Tag Archive for racism

Something Rotten is Happening in Holyoke

HolyokeMuralThe debacle in Holyoke continues. A few weeks ago, we published a statement from artist David Flores whose public mural was being denied display in the highly Puerto Rican-populated Massachusetts city.

“On Saturday, September 20, 2014, my Puerto Rican Diaspora-themed piece was commissioned and then excluded from being displayed as part of a public art initiative specifically because of its affirmation of Puerto Rican identity.” – David Flores

A day after we published his statement, the town’s mayor, Alex Morse, responded to the public outcry and decided to give the Boricua-themed public art piece a permanent home in City Hall.

Now the city’s council wants to ban all public art installations. The mayor vetoed this measure. In return, the council is attempting to override this – tomorrow! Read the mayor’s full statement, here.

“Last week, the City Council voted to place a moratorium on future public art installations. I vetoed the order, and tomorrow the Council will decide whether to override my veto. In addition to my veto, I have signed an executive order formalizing the process by which public art may be installed. With this step, I am confident that the Council will choose not to override the veto.” – Mayor Alex Morse.

We should all keep in mind that almost half of Holyoke’s residents are Puerto Rican, but with very few representation in political office and public initiatives. This measure by the city council is in direct response to the controversy over David Flores’ mural, which was created to pay homage to the Holyoke’s Boricua community. In other words, the city’s elected leaders (outside of the mayor) rather trash all public art initiatives than let Latina/os or Puerto Ricans play a role in it. Let’s hope they do not succeed.

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Could the U.S. Government Deport Puerto Ricans?

“Plainly the USA should get rid of this millstone. That’s easier said than done, though. In theory I guess Congress could simply end the “commonwealth” relationship and cut the place loose. In practice this would mean revoking the citizenship of the 3.7 million inhabitants. And what about the five million or so Puerto Ricans who reside in the USA?

Another approach would be to get Puerto Ricans thinking that independence might be a good idea. Perhaps we could try oppressing the place: Make them tenant farmers under absentee landlords, proscribe use of their native tongue, and shut down their churches. Hey, it worked for Ireland.” - How Can We Get Rid of Puerto Rico?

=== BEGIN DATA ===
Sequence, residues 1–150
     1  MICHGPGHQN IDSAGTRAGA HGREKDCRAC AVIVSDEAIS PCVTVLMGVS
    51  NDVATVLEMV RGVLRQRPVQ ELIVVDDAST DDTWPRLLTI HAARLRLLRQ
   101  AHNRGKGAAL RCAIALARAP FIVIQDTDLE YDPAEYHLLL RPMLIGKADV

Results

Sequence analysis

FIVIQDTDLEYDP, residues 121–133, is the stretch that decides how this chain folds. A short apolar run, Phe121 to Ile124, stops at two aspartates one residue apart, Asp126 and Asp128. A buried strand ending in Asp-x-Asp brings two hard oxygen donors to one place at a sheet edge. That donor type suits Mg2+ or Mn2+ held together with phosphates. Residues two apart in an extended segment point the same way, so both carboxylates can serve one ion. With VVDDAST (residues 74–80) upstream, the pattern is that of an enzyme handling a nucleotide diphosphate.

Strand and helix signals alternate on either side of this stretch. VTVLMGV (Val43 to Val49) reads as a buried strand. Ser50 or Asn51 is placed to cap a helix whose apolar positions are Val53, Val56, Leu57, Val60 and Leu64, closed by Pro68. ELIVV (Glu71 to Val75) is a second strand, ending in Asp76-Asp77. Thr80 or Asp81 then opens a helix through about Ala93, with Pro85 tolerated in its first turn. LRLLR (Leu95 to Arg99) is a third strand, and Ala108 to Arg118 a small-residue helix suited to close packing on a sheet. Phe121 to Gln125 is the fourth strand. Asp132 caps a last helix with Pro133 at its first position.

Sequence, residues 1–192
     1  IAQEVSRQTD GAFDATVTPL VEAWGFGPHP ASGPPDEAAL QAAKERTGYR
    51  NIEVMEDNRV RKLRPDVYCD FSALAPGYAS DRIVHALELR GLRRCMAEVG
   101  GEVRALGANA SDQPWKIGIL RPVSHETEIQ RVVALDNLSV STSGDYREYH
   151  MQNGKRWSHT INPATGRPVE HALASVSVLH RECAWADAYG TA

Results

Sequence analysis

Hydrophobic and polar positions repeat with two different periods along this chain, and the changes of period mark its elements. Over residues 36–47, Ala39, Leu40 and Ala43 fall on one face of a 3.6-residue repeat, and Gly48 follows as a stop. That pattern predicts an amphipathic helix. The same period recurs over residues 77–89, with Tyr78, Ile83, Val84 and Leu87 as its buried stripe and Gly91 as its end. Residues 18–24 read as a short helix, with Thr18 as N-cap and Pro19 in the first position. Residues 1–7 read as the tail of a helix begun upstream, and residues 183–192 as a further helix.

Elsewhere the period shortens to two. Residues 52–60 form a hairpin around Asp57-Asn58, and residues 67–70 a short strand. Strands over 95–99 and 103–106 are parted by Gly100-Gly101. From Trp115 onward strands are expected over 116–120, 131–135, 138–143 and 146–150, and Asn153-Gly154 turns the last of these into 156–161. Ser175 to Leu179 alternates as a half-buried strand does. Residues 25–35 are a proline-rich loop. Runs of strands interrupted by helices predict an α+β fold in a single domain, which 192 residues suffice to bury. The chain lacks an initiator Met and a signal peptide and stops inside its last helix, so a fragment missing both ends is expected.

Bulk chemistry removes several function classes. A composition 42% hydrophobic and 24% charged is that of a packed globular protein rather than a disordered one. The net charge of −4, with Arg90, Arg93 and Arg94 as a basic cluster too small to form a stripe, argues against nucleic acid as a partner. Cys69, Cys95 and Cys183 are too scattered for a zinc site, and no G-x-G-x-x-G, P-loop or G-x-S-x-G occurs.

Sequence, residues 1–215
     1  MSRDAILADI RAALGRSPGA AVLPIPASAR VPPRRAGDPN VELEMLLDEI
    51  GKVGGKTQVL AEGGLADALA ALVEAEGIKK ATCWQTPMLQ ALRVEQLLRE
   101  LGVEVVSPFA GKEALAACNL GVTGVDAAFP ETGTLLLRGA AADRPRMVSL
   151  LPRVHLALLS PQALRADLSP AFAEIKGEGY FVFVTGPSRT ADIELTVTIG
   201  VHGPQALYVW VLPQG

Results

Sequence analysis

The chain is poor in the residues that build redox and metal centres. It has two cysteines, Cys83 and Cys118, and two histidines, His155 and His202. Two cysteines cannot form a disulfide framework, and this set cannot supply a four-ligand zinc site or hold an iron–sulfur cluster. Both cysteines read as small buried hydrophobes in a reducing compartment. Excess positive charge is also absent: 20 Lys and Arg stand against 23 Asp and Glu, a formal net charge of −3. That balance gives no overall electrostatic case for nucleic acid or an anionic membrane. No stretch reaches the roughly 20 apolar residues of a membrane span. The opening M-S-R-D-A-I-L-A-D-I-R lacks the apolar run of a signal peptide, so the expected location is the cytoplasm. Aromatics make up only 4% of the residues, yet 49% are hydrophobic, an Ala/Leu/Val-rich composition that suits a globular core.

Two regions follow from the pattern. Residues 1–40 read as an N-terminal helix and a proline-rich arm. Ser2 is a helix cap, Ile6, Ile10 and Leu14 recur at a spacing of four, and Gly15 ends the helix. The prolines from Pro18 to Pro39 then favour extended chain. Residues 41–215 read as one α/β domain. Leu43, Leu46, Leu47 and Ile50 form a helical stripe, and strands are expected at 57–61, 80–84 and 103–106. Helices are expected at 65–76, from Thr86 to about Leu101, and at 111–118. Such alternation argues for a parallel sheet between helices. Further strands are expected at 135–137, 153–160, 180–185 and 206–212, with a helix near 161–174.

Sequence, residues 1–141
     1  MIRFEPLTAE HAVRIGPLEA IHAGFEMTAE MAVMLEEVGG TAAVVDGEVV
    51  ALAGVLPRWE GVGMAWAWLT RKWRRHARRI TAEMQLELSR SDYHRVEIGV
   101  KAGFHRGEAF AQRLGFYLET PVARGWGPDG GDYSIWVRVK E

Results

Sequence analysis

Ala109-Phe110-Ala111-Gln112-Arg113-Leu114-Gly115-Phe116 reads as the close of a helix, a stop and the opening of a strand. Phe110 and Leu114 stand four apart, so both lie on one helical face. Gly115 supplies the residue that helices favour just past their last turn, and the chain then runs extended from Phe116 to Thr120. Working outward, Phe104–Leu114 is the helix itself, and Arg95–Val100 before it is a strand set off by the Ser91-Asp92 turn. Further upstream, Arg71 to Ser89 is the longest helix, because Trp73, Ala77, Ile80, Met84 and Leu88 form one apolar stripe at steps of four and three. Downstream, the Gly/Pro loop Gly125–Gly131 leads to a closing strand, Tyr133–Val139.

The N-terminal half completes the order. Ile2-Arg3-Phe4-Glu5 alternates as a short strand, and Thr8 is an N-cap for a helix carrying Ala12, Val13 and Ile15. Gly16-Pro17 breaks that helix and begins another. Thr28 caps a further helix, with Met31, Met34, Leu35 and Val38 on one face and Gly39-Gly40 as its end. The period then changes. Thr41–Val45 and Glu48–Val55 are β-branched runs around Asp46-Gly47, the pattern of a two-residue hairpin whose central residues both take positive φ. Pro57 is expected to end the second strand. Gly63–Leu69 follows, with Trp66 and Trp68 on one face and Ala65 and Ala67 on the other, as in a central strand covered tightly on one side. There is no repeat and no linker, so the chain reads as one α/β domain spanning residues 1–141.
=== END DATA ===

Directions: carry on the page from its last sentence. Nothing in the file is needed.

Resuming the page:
BarrioIcon-Newsletter1x1Ay, nothing seems to surprise me these days, especially when it comes to imperial subjects talking about their colonies. While the above quote and article disturbs me (especially since what the author describes was actually done to Puerto Rico by the U.S. government), I have come to know that the viewpoint does not just belong to extremists, but is part of the mainstream – whether it is said publicly or not. It could also speak to a dangerous trend in political discourse that one day may become official policy.

First, the belief that Puerto Ricans are fully responsible for their (internal)colonial reality allows for Puerto Rico to be in a political limbo with the United States government for over 100 years. Let’s not forget that the archipelago colony is under the legal auspices of the U.S. Congress, as determined by the Supreme Court, i.e. “Puerto Rico belongs to but is not a part of the U.S.” Let’s not forget that there has never been a legally binding referendum (unlike what took place in Scotland) to give its people the opportunity to decide their own future, i.e. self-determination. So, if the author wants to get rid of this “burden”, then they should be pushing the U.S. government to stop practicing imperialism. That also includes taking responsibility for what it has done to the archipelago, namely destroying the local economy for the benefit of its multi-national companies. It’s also curious that the author likes to perpetuate the pathology of the colony’s residents, but forgets the billions of dollars and thousands of jobs the U.S. acquires from the colony – way more than it “invests.” Let keep it real.

Second and, most importantly, the author alludes to a theoretical probability of all Puerto Ricans loosing their U.S. citizenship, including the Diaspora. Yup, you heard me right.

For the last few years, mainstream politicians have been clamoring for the revocation of the 14th amendment, which allows for birth-right citizenship. This is obviously due to anti-immigrant xenophobia. As pathologized colonial subjects Puerto Ricans are racialized as non-white and therefore are also understood as “alien” and “dangerous” to the imperial “body.” If the 14th amendment is ever gotten rid of, then the U.S. Congress could simply strip away the Puerto Rican right to citizenship. Even more – and this might depend on ensuing lawsuits, as well as other factors – is that Boricuas who were born in the U.S. to parents from Puerto Rico could also get their citizenship taken away. That coupled with immediate independence, which the author recommends, could mean that the Boricua Diaspora could be “illegalized” and deported “back” to the archipelago. Scary, isn’t it?

Of course, there is a lot of social, political, and economic factors that need to be considered for what I have described to fully materialize. But the ideas and conditions are out there and, sadly, no one is engaging with them. Don’t say I didn’t warn you.

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